5.1 What is the purpose of this chapter?
A. This chapter establishes U.S. Fish and Wildlife Service (Service) policy for public outreach and interpretation to foster emotional and intellectual connections between the visitor and any cultural resources on Service-owned or managed land.
B. Such activities may involve:
(2) Friends groups,
(4) Cooperating associations, and
C. The activities may include:
(1) Museum collections,
(2) Heritage tourism, and
(3) Heritage education.
5.2 What are the authorities, definitions of terms, and responsibilities for this chapter? See 614 FW 1 for information about the authorities, terms used, and responsibilities for all the chapters in Part 614.
5.3 What is the policy on interpreting these resources for the public? Project Leaders/Field Station Managers, with the assistance and advice of their Regional Historic Preservation Officer (RHPO) and other Outreach/Interpretation Specialists, as required, must:
A. Treat resources as fragile and irreplaceable assets that are:
(1) Important and integral to our Nation’s heritage,
(3) Important for public and scientific uses, and
(4) Important for maintaining the identity and heritage of descendant communities.
B. Ensure a high quality visitor experience and enjoyment of these resources on our lands through interpretation programs that use a variety of delivery methods (e.g., self-guided or scheduled tours/presentations) and that are factually accurate, interesting, and engaging. Such programs:
(1) Develop a sense of stewardship leading to actions and attitudes that reflect interest and respect for cultural resources, history, and the environment;
(2) Provide quality interpretive experiences that help people understand and appreciate the cultural resources of an individual refuge or hatchery and its role in the Refuge or Hatchery System;
(3) Provide opportunities for quality recreational and interpretive experiences consistent with interpretive methods, accessibility, and evaluation of interpretive programs as we describe in 605 FW 7;
(4) Assist refuge or hatchery staff, volunteers, and community support groups in attaining knowledge, skills, and abilities in support of cultural resource interpretation; and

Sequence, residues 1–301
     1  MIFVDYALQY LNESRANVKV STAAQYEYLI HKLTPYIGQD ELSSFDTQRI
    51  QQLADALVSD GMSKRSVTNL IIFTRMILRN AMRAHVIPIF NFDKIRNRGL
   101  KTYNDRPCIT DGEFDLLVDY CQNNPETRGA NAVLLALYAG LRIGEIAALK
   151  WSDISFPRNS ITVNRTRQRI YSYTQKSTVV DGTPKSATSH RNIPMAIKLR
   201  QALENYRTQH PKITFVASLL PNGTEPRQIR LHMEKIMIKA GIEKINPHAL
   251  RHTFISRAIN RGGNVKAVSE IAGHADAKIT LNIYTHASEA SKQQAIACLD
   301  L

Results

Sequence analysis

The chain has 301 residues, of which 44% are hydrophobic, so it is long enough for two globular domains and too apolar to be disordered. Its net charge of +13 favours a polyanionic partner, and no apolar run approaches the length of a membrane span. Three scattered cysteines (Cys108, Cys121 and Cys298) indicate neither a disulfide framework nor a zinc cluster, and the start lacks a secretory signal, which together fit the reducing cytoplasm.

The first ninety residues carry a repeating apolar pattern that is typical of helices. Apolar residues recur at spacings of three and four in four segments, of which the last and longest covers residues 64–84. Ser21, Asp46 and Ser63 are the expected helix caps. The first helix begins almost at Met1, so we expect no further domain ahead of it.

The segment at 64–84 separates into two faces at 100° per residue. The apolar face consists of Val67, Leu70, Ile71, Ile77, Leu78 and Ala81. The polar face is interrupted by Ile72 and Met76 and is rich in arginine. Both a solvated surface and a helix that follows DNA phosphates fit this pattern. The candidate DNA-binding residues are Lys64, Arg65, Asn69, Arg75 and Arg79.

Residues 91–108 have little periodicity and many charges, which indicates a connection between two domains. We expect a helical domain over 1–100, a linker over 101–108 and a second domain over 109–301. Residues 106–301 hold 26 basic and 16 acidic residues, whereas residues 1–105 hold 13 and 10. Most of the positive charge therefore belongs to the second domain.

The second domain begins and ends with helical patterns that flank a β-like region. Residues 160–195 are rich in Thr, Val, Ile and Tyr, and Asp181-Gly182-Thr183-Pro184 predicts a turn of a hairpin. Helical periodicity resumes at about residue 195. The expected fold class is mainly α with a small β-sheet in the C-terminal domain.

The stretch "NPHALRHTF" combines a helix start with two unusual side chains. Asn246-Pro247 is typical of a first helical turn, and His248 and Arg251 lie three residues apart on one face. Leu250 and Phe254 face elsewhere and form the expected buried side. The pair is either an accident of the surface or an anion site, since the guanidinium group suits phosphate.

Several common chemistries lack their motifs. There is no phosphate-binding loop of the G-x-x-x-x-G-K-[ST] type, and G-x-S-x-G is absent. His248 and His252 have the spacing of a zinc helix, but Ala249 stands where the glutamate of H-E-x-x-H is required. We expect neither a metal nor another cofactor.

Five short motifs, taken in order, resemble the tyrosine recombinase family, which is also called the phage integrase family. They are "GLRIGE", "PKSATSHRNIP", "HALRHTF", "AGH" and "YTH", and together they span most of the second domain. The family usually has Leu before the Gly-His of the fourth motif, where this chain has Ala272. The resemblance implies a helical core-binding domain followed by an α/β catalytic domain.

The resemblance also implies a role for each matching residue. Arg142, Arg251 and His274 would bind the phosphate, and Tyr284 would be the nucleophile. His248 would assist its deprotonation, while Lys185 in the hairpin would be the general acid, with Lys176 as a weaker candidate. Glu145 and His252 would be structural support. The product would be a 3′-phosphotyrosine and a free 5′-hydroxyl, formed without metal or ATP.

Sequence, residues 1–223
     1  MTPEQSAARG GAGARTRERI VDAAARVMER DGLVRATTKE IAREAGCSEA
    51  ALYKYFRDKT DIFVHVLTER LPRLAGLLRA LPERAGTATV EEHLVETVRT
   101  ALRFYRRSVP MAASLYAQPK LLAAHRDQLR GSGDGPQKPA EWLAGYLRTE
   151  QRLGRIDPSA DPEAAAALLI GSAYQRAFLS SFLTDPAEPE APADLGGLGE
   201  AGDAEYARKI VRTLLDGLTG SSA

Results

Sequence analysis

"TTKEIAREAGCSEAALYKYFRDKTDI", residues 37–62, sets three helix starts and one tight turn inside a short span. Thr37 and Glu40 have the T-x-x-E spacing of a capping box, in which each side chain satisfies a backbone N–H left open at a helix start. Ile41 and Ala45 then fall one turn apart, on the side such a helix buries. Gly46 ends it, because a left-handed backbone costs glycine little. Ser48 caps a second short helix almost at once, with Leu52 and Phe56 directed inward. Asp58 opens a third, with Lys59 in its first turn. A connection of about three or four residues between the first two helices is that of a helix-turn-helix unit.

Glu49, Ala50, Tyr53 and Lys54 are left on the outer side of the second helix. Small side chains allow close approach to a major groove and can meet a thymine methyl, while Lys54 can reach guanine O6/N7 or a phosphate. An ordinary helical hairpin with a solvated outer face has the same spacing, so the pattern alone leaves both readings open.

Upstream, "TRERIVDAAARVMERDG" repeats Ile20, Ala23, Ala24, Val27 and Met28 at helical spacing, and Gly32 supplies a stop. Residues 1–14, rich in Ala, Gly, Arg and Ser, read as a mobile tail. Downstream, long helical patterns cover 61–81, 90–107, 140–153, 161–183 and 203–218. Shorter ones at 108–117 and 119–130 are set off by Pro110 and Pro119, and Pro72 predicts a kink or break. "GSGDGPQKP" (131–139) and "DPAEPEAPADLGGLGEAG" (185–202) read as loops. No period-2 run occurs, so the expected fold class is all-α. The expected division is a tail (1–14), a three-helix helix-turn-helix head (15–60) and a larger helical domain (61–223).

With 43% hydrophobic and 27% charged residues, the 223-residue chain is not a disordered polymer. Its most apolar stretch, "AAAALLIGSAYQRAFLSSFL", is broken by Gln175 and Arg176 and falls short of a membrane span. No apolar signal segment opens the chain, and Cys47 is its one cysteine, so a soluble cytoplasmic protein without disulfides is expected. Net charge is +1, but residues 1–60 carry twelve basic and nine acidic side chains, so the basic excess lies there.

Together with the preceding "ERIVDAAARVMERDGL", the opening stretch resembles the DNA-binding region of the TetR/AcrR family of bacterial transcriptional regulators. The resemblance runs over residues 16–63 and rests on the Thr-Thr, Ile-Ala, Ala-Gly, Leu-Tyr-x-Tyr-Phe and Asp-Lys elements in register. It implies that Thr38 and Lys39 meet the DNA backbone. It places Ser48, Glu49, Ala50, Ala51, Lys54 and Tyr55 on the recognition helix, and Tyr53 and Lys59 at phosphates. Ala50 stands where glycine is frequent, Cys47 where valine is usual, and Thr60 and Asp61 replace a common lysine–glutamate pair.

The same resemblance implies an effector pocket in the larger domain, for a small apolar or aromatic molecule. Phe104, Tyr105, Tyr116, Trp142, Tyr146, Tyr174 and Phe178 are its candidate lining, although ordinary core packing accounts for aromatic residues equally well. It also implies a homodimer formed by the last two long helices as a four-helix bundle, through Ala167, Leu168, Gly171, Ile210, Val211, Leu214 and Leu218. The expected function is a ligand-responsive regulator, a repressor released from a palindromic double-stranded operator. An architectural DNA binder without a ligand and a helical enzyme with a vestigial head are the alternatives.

(5) Minimize conflicts with visitors participating in other compatible wildlife-dependent recreational activities.
(1) Public/private initiatives and investment in the use, reuse, and rehabilitation of these resources; and
(2) Awareness among students and adults of the fragility and importance of these resources through heritage education programs.
D. Promote community economic development through State and local governments, Native American tribes, Native Hawaiians, Alaska natives (called “tribes/native organizations” throughout the remainder of this chapter), and private sector partnerships in heritage tourism.
E. Involve representatives of local communities, tribes/native organizations in developing interpretive presentations, especially when they focus on a description of a living local community or tribe/native organization or its archaeological, historical, cultural, artistic, and ethnic heritage.
F. Develop sustainable and durable heritage tourism opportunities that minimize the negative effects of tourism and, at the same time, maximize the benefits for local communities, States, and tribes/native organizations.
G. Incorporate site-appropriate design principles for such things as preservation projects, kiosks, walking paths, and informational signs that are sensitive to the character of the site and its surroundings, and that do not endanger the site’s long-term preservation.
5.4 What are the benefits the public and the Service derive from interpreting these resources for the public? The public receives many benefits from Service knowledge, research, and conservation of cultural resources.
A. Information benefits:
(1) The public gains knowledge about:
(a) The history and cultural resources of an individual refuge or hatchery and how they are connected to them today,
(b) Actions they can take to protect fragile and irreplaceable cultural resources,
(c) Opportunities to provide more information about the history and culture of the refuge or hatchery,
(d) Fossilized remains still recoverable from public lands, and